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Keeping it Local – A five-step guide

370 Tony Armstrong high res edit resize 635816283071811470Tony Armstrong, CEO of Locality, discusses how new guidance for councillors and commissioners on taking a ‘Keep it Local’ approach to public services can save money and achieve better outcomes. 

This year is going to be a crucial year for local authorities. Years of shrinking budgets and rising demand mean pressure is mounting and many vital services are under threat. Good commissioning is essential in responding to these unprecedented challenges – but we are seeing many local authorities unwittingly creating an environment that wastes money on inefficient contracts, discriminates against local providers and fails to create the services we need.

At Locality, we understand the immense pressures faced by local authority councillors and commissioners, and are working with them on practical ways we can achieve better commissioning. So much so, we are now launching a practical guide for both councillors and commissioners that shows how taking a ‘Keep it Local’ approach to public services can both save money and achieve better outcomes.  

Many councils are responding to the huge pressures they are under by going large: standardising services, scaling them up, and outsourcing contracts to big national charities and multinational companies. But this approach introduces complex and inefficient contracts and often uses more resources than a larger number of smaller contracts. What’s more, big companies and charities frequently fail to address people’s complex and individual needs, adding to demand pressures as people come back time and again for help when their needs aren’t met. 

Instead, commissioning should aim to make public service delivery ‘local by default’ – providing active support for local providers and more tailored services for local people. 

This creates better services. Services need to respond to a wide range of often very complex needs, but big, centralised, provider-led public services are incapable of responding to the subtle nuances of everyday life or building the communities of care that are central to long-term wellbeing. 

It also enables councils to save money. Much of the demand on our public services is due to ‘failure demand’ – problems are not properly addressed when they were first reported, so people re-present at multiple services for the same problem. A Keep it Local approach uses smaller, targeted investments and works with communities, which reduces costs by tackling problems at source. 

Crucially, ‘Keeping it Local’ also builds stronger communities and economies. Commissioning and procurement is central to the wider success of the local community and a key contributor to the local community. Commissioning local, community-led organisations is an investment in local civil society, in particular by ensuring communities are economically resilient. Local charities act as local economic multipliers, ensuing the wealth they generate is redistributed in their neighbourhoods, by employing local people and promoting local businesses.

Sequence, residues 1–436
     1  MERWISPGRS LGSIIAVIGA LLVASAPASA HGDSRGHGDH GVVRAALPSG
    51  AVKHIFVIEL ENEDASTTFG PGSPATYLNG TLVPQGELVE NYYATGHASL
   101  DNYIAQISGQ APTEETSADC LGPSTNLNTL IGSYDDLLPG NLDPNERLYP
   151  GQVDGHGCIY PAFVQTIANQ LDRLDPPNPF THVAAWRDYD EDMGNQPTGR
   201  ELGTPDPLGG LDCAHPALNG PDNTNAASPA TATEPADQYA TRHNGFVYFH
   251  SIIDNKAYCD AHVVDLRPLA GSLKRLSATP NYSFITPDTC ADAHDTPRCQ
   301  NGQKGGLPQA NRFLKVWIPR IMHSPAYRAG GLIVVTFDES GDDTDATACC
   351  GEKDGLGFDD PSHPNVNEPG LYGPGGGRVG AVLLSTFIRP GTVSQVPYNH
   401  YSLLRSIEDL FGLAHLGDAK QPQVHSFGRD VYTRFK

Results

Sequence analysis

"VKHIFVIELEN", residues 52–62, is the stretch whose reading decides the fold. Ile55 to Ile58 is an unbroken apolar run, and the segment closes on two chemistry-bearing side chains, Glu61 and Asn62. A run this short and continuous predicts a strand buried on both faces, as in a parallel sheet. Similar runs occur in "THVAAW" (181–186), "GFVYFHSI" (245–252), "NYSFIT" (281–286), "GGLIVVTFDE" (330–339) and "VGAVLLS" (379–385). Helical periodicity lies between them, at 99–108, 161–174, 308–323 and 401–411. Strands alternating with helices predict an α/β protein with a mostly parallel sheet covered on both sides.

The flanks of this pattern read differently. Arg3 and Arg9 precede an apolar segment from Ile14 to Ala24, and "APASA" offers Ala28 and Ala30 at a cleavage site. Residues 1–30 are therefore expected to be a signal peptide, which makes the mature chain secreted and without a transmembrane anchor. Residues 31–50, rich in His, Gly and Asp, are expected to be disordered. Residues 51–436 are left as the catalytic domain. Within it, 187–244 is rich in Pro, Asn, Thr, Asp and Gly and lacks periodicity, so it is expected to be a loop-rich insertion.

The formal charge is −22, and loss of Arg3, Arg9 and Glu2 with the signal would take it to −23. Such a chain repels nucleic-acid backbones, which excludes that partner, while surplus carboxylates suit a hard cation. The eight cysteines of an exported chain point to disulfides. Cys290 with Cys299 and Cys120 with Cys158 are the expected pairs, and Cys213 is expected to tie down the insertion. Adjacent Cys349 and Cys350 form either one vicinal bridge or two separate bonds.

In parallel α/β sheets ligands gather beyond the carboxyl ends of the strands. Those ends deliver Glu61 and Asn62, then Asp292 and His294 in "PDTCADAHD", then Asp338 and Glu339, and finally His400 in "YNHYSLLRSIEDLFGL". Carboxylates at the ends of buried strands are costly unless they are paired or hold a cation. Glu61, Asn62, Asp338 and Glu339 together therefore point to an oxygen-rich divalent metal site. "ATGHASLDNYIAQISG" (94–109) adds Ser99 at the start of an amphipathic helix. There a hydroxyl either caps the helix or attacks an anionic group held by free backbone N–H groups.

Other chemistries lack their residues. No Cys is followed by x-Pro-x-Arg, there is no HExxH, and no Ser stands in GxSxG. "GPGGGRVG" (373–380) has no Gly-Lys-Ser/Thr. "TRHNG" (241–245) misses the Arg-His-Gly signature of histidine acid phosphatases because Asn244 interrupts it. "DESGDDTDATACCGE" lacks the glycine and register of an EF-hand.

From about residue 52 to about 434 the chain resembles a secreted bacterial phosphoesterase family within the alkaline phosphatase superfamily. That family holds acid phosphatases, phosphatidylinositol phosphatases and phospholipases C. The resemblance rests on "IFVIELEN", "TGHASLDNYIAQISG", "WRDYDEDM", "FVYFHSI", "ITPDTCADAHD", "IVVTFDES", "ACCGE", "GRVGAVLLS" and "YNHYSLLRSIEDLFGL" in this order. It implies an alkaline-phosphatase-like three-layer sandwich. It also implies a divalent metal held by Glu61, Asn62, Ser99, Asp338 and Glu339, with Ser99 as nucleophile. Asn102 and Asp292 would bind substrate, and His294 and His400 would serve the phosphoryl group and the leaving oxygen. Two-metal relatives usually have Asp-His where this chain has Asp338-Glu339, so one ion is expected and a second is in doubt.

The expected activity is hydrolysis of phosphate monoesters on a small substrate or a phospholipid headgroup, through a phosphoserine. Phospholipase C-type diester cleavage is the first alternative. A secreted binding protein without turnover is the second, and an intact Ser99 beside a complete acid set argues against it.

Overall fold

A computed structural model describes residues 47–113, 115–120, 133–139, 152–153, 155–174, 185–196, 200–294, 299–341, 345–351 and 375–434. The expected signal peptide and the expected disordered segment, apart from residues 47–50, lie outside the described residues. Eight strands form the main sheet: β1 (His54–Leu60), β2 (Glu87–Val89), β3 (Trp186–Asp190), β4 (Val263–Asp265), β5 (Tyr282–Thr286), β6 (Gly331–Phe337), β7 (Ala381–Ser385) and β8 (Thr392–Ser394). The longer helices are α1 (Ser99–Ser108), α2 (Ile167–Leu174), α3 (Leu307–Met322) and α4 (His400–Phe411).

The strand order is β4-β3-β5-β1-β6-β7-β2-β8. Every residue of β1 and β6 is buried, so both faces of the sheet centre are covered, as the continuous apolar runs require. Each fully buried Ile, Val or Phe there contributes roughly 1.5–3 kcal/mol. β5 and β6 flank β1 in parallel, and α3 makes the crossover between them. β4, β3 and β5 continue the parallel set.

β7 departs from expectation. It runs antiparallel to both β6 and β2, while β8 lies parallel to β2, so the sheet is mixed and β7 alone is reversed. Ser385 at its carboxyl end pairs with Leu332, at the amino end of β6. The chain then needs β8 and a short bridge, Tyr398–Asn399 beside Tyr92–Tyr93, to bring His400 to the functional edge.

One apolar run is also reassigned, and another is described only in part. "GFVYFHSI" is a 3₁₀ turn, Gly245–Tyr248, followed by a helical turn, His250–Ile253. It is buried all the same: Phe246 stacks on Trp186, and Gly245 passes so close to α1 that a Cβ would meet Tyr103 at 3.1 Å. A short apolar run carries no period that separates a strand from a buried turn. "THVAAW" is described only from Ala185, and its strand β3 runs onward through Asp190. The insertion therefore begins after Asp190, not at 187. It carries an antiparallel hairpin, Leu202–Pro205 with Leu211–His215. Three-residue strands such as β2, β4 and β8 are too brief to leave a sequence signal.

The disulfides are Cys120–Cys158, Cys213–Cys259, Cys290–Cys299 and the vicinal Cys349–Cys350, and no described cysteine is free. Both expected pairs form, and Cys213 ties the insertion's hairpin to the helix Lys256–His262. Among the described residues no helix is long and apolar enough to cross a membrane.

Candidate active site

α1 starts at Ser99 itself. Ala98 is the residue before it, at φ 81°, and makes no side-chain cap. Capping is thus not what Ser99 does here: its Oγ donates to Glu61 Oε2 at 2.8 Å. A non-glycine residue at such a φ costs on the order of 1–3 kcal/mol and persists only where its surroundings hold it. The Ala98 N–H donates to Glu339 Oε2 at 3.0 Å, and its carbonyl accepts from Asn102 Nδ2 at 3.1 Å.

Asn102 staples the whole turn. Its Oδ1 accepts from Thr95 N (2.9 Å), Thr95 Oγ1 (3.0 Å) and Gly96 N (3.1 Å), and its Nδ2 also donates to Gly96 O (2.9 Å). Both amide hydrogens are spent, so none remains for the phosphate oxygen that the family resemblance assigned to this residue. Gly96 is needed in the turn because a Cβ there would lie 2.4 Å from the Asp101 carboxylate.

So a ‘Keep it Local’ approach means councils can create better services, save money, support their local economy and build a strong community. Here is Locality’s five step guide for how to do it in practice:                               

  1. Take a place-based approach, to co-ordinate siloed services and utilise the full range of local assets. Bring together services and don’t commission specialised services in isolation.
  2. Demonstrate social value, maximising the potential of the Social Value Act to ensure that social value is accounted for across commissioning and procurement decisions. Specify the kind of social value you want to see (e.g. local employment and training) and prioritise organisations which demonstrate local knowledge and connections.
  3. Commit to building community capacity, with a proactive and positive commissioning strategy that explicitly aims to support local organisations. Bring organisations together to deliver a range of services.
  4. Impose a maximum value on contracts, to level the playing field and ensure that contracts aren’t out of reach for smaller organisations from the outset. Use grants, which are more flexible, and don’t use payment-by-results, which can exclude smaller organisations.
  5. Involve local people through co-design, where the expertise of the professional combines with the experience of the user to create more effective services. Put the service user first, seeing them as partners, not problems.

Every place is different and so is every person. So we need a rich diversity of local organisations, which are embedded in the places people live, to provide the right services, in the right place, at the right time. Locally-focussed commissioning provides a better alternative to standardised, one size fits all services – supporting local communities, maximising the value of limited resources and inspiring excellence in public service provision.

We want councillors and commissioners to join our Keep it Local network, which will provide a space to share and learn from good commissioning practice across the country, as well as receiving updates from our research. To find out more and sign up to join, visit:


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